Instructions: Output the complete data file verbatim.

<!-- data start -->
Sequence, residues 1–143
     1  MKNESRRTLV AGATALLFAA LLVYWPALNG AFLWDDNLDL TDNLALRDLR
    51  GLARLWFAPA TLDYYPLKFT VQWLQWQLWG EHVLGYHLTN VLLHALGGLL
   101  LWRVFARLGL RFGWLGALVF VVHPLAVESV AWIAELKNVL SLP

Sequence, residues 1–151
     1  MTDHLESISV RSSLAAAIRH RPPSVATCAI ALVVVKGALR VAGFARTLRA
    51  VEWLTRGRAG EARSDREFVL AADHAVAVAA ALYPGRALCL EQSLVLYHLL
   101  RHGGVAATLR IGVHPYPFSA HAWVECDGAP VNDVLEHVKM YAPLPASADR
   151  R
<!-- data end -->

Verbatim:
Sequence, residues 1–143
     1  MKNESRRTLV AGATALLFAA LLVYWPALNG AFLWDDNLDL TDNLALRDLR
    51  GLARLWFAPA TLDYYPLKFT VQWLQWQLWG EHVLGYHLTN VLLHALGGLL
   101  LWRVFARLGL RFGWLGALVF VVHPLAVESV AWIAELKNVL SLP

Sequence, residues 1–151
     1  MTDHLESISV RSSLAAAIRH RPPSVATCAI ALVVVKGALR VAGFARTLRA
    51  VEWLTRGRAG EARSDREFVL AADHAVAVAA ALYPGRALCL EQSLVLYHLL
   101  RHGGVAATLR IGVHPYPFSA HAWVECDGAP VNDVLEHVKM YAPLPASADR
   151  R